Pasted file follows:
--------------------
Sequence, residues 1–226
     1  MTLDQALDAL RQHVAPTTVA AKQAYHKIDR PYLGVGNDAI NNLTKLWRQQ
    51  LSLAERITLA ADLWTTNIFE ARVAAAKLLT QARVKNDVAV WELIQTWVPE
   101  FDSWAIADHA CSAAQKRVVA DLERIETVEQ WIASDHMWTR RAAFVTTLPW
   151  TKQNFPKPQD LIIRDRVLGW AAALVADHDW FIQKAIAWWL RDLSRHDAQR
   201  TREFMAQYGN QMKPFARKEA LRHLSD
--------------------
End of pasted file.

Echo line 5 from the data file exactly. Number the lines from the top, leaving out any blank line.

   151  TKQNFPKPQD LIIRDRVLGW AAALVADHDW FIQKAIAWWL RDLSRHDAQR